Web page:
Australia is abundant in mineral resources of all kinds and in the late nineteenth century witnessed the richest gold rush in history. It remains one of the biggest gold producers in the world and continues to explore new territory in the hope of repeating history.
It is also the largest wool producer in the world and has the largest sheep population with China running second. Australian Marino wool formed the back bone of Australian economy for many decades until the wool market crashed in 1989 leaving Australia to deal with a stock pile of 60 million bales in each weighing one ton. Over inflated prices was the main cause of its collapse and the sheep population plummeted from 180 million in 1989 to 70 million currently. However, in recent years wool prices began to rise due to demand from Asia and Europe. It is considered the best wool for suiting.
Zegna an Italian suit manufacturer has been importing fine Marino wool from Australia since 1910 and transforming the raw material into super fine cloth at their family weaving mills in Northern Italy. In 2014, in an effort to better control its source material (wool) Zegna formed a partnership with Charles Coventry, a fourth generation farmer who runs the Achill property buying 60% stake as part of a strategy it calls “sheep to shop”.
Since Zegna began as a textile business in 1910, all of its fabrics have been made with Australian wool. That wool is then used in Zegna’s luxury apparel, including the $34,000 Vellus Aureum suit, of which 60 to 80 are made to order per year. In 2016 an Australian wool grower shattered the records for the finest wool in the world, measuring 9.8 microns, beating baby cashmere which is generally measured at 11 microns. Zegna’s goal is to create a vertical supply structure and ensure the quality and supply is not jeopardised. It follows the same principle that Henry Ford adopted. He owned his own rubber plantations and iron ore mines so no one could cut his supply lines and he was able to control commodity prices. He even went to the extent of having the timber pallets used for shipping to be specifically sized so they could be reused to form the floors of his model T ford.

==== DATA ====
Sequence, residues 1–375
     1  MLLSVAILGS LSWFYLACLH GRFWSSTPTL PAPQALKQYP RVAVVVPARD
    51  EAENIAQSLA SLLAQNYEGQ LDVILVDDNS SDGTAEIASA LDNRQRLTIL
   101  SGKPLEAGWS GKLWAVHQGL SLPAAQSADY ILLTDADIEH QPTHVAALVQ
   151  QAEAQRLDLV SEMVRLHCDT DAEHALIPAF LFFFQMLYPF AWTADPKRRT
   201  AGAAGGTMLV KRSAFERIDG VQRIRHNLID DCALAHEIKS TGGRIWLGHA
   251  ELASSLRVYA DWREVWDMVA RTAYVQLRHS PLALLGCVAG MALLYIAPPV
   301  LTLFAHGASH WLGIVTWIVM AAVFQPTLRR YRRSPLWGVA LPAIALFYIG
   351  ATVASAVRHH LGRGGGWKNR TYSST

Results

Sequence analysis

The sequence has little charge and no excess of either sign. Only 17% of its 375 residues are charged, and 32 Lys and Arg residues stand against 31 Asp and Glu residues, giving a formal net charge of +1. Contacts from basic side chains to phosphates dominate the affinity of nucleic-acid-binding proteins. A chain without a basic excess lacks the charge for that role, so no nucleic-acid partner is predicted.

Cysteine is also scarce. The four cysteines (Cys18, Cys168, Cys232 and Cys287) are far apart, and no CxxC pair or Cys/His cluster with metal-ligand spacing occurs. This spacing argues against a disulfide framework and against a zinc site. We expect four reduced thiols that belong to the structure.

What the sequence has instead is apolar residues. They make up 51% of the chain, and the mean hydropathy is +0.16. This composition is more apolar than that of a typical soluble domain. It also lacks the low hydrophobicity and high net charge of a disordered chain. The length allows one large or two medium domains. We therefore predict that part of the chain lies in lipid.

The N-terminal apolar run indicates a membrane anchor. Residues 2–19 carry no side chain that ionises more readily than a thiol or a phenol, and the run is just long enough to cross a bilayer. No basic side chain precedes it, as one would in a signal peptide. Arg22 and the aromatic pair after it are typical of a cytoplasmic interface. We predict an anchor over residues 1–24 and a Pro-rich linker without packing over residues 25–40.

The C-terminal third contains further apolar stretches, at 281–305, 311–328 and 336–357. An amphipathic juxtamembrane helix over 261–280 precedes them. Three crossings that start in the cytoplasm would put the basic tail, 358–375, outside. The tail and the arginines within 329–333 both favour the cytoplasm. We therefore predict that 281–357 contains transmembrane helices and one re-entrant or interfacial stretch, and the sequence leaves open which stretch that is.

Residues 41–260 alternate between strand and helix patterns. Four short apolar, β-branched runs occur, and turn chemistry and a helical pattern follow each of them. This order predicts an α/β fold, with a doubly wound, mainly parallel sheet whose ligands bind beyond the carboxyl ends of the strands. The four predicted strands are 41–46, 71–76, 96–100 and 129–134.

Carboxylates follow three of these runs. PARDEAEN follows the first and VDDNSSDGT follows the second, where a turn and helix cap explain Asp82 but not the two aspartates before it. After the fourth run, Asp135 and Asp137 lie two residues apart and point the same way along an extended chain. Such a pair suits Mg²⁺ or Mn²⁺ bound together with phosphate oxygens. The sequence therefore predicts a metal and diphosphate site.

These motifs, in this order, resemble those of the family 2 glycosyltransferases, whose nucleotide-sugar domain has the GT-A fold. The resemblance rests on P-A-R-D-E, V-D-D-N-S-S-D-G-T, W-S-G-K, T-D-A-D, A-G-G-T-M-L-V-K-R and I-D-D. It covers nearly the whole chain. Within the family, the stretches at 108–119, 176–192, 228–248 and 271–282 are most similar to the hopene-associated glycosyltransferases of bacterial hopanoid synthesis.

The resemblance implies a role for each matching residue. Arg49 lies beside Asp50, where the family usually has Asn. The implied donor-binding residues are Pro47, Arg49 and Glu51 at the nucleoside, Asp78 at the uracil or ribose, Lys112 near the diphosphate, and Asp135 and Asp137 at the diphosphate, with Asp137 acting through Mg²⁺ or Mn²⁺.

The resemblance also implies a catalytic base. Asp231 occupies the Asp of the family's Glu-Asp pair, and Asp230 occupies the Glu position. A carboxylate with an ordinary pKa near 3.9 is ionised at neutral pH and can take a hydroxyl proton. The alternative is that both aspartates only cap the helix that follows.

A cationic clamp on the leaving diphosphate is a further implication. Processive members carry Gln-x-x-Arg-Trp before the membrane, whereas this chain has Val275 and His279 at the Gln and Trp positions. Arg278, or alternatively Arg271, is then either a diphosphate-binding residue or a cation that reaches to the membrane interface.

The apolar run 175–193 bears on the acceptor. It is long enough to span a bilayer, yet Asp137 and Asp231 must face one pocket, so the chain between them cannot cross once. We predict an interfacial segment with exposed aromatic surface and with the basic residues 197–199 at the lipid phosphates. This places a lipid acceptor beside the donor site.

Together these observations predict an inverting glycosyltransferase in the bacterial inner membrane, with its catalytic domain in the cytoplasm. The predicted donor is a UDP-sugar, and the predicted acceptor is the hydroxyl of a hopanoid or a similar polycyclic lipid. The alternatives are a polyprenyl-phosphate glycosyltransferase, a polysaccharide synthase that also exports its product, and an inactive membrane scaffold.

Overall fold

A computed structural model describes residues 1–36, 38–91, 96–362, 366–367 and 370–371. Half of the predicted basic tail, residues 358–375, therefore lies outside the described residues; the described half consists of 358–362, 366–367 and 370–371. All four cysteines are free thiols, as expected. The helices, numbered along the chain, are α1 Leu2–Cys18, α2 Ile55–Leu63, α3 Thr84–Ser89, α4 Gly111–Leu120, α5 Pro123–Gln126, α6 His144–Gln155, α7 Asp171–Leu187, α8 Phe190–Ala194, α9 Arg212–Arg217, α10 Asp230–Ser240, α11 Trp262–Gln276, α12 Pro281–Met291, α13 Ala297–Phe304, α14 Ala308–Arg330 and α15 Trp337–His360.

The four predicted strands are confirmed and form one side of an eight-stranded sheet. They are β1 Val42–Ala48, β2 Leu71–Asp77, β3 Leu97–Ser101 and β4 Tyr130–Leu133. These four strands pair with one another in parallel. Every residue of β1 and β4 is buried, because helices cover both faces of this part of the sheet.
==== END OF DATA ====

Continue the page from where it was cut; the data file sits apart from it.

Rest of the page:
Zegna learnt the harsh truth about farming in the rugged landscape of Australia. It was hit by a severe drought which was nothing new to the sixth generation wool grower Charlie Coventry. The drought broke and lessons learnt. With the purchase of new rams, working on genetics to improve the quality of wool, increasing water reserves and the quality of feed in paddocks is paying off. Together they are reviving the Australian wool industry and others are following suit. An entire nation was built on the back of the Marino and other agricultural products and the hope is a return to this original glory.
Sadly the Australian Government are more focused on short-term gains in ripping out coal and other raw materials, leaving massive holes in the ground and causing havoc to the environment. Funding to the farming industry and its communities has dwindled over the years and in some cases rail transport systems have been severed.
In the 1970’s Australia was the seventh strongest economy in the world, with agricultural products being the largest exports including wool, wheat, meat and butter. Now we are ranked thirteen and lumbered with a massive foreign debt. It’s time to get back to basics.
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by Pat McMurray